Outdoor Cats and What you Need to Know
Posted by Kat Powers on
You Still Need to Feed Them
Cats have a predatory instinct which helps them to hunt, and they play or practice chasing prey from kitten on. What people don't always realize though is that cat moms teach their litters to kill and eat their prey. So a domesticated cat can spend all day chasing mice outside and still starve. If your neighborhood cat seems underfed, please contact your local authorities for assistance.
They Impact Local Bird and Rodent Populations
While this is great news if you have a mouse problem on your farm, neighborhood cats can harm entire populations of local or migrating wildlife. One simple fix for this is to get your cat a break-away collar with a bell. These bells give your cat's prey an extra few seconds to escape.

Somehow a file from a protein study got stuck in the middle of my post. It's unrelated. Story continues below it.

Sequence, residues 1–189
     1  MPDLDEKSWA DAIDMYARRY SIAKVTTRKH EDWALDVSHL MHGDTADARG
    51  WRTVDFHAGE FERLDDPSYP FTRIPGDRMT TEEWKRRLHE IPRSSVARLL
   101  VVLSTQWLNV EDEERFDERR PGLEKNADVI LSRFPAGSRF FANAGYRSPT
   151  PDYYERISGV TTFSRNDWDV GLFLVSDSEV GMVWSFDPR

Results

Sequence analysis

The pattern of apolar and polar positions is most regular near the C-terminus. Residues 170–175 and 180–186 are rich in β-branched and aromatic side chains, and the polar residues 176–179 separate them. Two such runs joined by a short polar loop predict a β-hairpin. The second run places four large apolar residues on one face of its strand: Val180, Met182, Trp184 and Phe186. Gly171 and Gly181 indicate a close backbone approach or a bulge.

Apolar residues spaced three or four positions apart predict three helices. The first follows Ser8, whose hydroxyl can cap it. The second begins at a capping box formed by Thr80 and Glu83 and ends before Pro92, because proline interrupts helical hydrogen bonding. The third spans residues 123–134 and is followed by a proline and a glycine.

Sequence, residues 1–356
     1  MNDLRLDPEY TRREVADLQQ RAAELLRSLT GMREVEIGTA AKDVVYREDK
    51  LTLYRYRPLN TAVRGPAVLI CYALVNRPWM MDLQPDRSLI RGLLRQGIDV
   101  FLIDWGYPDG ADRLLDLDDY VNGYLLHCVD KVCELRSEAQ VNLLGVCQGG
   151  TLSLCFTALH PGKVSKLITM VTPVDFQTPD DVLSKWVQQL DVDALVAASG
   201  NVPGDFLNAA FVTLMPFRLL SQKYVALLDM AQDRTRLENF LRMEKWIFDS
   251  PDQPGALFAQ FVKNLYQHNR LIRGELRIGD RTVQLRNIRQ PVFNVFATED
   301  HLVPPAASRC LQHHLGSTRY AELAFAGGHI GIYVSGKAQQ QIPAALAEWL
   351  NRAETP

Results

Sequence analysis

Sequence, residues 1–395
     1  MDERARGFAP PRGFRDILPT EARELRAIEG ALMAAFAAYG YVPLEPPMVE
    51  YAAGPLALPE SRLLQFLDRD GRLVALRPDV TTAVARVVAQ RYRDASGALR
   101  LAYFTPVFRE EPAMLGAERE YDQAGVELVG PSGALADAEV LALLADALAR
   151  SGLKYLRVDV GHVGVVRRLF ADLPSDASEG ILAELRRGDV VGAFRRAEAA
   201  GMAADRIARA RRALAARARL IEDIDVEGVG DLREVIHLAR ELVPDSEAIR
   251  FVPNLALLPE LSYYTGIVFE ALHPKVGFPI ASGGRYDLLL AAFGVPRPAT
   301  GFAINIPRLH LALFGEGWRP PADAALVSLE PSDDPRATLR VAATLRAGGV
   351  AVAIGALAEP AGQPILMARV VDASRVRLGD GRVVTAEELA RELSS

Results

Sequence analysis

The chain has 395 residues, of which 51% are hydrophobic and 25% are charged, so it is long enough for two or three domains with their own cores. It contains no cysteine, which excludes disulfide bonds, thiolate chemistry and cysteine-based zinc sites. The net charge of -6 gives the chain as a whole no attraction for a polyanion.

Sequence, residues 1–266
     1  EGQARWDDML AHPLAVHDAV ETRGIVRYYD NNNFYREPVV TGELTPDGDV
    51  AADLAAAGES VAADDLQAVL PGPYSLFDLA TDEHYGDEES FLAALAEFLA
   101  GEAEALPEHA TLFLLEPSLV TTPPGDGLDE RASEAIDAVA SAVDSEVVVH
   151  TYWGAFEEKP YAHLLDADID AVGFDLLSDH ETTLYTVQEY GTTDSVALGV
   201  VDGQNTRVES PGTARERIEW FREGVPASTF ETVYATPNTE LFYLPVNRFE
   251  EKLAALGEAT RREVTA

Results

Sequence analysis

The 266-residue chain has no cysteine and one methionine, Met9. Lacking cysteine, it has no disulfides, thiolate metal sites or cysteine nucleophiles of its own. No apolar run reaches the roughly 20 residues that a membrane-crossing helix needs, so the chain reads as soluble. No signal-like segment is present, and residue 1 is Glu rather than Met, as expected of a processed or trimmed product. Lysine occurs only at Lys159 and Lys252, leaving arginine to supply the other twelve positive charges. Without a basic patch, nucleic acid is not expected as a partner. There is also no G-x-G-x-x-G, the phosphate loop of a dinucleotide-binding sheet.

It is important that your cat's collar has a safe release or "break-away" feature. This safety feature will help to prevent neck injury or strangulation if their collar gets snagged on a tree branch.
Illness and Disease
Depending on the climate and on the year fleas and ticks are either a big deal or a general precaution. Natural options do exist like diatomaceous earth applied topically, but medications from your vet are the most effective. In addition to being uncomfortable for your cat and maybe you if they spread these pests indoors, some mites run a high chance of carrying disease.
Cats are capable of spreading Feline Immune Deficiency Virus via saliva. Outdoor cats that are social with other cats run a higher risk of contracting this illness. If you know your cat has it, you must keep them indoors and/or away from other cats.